Lillian Boraks-Nemetz’s latest collection of poems offers comfort, even though she does not shy away from the tragedy of her Holocaust experience and ever-present memories of that period. From the very title, Out of the Dark, she gives hope. If she can still see beauty and love, then we can, too.
An established and award-winning writer, Boraks-Nemetz has published many books and her poems have appeared in literary anthologies. A child survivor of the Warsaw Ghetto, she is an eyewitness to some of the most cruel aspects of humanity and openly wrestles, in these poems, with the death she has seen, with the hiding she was forced into and can’t completely shake the habit of, with the stark contrast of her life before coming to Vancouver and the world she has created here. While deeply marked by suffering, she makes space for the pain that others experience.
Out of the Dark is divided into three sections: Survival, Flickers in the Dark, and Into the Light. Even the most sombre first part, which includes poems about those murdered in the Holocaust, the impacts of war and the existence of antisemitism, starts with a poem called “Flowers of Survival,” in which a daughter recalls the words of her father, from whom she has been separated, forever: “‘Let the wind thrash us if it will // And the foul earth open to swallow us,’ you said, / ‘for in the end / neither the violent wind nor / the foul earth will succeed.’”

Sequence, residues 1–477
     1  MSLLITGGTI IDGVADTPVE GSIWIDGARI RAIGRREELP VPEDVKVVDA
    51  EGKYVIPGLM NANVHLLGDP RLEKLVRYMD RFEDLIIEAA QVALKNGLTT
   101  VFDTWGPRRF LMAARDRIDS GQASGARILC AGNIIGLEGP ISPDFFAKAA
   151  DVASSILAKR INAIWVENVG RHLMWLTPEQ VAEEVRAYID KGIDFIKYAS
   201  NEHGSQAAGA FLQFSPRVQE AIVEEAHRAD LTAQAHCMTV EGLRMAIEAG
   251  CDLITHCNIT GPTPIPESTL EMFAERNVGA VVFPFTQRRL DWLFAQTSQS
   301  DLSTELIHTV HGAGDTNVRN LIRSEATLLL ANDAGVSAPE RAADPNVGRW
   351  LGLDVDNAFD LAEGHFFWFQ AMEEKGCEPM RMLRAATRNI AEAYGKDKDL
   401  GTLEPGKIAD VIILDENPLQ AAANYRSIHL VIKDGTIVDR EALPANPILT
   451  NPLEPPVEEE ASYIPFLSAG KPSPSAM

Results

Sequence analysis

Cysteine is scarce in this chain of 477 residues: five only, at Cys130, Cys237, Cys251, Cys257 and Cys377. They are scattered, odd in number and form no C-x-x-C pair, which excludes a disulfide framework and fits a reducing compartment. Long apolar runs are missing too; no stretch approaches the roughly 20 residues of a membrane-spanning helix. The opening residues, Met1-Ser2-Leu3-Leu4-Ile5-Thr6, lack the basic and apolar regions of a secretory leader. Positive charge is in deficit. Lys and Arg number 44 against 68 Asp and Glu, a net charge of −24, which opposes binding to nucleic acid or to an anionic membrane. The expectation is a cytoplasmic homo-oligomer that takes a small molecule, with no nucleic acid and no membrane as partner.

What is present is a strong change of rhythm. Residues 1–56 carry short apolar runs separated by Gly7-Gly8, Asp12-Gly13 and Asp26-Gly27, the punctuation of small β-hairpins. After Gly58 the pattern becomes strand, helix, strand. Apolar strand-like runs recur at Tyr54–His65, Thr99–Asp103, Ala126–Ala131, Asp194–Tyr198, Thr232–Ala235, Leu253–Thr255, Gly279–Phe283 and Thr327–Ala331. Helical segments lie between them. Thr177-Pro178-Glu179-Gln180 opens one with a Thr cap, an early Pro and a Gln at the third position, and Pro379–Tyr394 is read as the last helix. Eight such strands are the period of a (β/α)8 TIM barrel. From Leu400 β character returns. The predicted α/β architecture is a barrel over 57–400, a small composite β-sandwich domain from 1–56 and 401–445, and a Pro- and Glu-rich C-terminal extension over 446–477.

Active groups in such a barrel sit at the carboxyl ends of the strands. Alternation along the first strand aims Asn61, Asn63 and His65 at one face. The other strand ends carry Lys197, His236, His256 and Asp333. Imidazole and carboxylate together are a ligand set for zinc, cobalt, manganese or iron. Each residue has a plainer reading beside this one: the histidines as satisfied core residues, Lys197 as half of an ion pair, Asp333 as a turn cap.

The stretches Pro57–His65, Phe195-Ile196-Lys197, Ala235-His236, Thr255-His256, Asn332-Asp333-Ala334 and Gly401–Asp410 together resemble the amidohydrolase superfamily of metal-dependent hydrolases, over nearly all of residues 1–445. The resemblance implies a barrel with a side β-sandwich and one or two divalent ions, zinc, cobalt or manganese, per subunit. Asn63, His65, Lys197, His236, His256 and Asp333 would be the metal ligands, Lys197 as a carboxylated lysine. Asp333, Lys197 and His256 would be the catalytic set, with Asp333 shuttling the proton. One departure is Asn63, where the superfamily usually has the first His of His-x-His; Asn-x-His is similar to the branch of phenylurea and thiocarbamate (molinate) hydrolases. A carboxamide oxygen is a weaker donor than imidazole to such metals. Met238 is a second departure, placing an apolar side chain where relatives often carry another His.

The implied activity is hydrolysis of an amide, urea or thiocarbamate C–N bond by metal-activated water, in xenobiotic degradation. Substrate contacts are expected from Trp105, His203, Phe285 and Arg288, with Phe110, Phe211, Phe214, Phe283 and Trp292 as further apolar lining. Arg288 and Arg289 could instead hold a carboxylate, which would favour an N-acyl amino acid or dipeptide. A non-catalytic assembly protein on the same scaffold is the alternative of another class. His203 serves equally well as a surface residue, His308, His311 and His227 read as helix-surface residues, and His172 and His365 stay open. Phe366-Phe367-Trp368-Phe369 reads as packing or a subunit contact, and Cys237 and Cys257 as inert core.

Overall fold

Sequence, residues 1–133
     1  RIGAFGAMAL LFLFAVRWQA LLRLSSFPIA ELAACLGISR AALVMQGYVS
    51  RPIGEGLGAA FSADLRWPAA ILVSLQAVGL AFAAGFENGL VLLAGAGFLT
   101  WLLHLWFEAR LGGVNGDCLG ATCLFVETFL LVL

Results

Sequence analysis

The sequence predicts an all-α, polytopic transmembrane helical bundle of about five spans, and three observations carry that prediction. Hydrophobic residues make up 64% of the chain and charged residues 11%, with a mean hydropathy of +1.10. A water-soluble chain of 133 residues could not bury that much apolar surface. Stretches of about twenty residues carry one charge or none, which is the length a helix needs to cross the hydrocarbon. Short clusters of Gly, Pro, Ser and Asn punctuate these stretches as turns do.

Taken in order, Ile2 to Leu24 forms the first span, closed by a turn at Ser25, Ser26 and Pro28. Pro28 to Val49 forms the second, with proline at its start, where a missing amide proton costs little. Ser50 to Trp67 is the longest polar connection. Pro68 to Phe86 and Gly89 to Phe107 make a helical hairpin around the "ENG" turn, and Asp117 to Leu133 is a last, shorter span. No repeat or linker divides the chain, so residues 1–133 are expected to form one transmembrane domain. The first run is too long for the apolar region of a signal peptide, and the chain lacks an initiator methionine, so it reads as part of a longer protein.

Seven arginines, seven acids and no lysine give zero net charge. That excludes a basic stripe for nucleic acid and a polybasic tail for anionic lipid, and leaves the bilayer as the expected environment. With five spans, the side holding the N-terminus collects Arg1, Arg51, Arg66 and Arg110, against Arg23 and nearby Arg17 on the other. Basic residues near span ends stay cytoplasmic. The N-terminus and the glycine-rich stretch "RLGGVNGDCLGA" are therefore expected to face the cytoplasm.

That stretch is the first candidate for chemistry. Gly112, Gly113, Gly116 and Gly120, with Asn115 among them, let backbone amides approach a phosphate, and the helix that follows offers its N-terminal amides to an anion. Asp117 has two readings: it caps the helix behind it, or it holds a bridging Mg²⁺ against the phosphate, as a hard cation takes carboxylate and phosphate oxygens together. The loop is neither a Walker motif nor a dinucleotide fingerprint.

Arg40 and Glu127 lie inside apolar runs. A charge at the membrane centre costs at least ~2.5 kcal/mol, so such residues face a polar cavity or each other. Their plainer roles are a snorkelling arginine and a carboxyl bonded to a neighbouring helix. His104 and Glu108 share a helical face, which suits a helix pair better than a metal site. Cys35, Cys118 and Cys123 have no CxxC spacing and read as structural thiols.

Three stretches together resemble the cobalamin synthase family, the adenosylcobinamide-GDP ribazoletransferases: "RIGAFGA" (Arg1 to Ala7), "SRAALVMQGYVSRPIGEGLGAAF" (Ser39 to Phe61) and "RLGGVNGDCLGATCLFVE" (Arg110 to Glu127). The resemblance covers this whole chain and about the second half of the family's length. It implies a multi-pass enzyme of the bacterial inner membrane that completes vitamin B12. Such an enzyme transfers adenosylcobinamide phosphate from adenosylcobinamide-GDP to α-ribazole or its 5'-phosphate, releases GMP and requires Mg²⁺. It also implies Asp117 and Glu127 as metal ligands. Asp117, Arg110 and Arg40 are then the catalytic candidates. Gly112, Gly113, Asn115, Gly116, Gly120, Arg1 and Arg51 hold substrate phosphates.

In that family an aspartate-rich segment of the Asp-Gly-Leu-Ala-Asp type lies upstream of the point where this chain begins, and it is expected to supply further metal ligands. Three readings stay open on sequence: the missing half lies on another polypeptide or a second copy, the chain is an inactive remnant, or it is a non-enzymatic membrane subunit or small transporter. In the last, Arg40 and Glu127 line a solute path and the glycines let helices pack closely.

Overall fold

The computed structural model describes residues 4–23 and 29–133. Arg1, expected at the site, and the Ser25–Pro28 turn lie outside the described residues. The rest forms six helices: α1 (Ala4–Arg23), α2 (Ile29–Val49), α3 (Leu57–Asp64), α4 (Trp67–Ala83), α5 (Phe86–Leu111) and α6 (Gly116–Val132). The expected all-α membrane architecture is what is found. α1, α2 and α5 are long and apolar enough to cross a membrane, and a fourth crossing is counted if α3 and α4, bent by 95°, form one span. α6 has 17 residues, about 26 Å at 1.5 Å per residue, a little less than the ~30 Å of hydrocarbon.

In midsection of the book, Boraks-Nemetz gives voice not only to her sadnesses and joys of making a new life in Vancouver, but of the immigrant experience in general. She writes of the difficulties of living in another place, both with regards to location but also in her mind and body, as well as in time, so different is British Columbia than Poland, so changed is Warsaw now from how it was during the war, so renewed a person is she, yet, she advises, in the poem “Identity,” “when they tell you / forget the past – let it go / they are in error // your past is your memory / and memory – a bridge / to you.”
As people are marked by what happens to them, internally and externally, so is nature, and Boraks-Nemetz has included several poems about its splendour, what it has witnessed and how we humans are threatening it, despite its strong will to survive.
There are many poems in Out of the Dark that are dedicated to family, friends, poets and others, but the bulk of them are in the final section. Boraks-Nemetz seems to be saying that, despite our capacity as humans for brutality and destruction, we need one another and we are the only ones who can fix what we have wrought, and make the world a better place.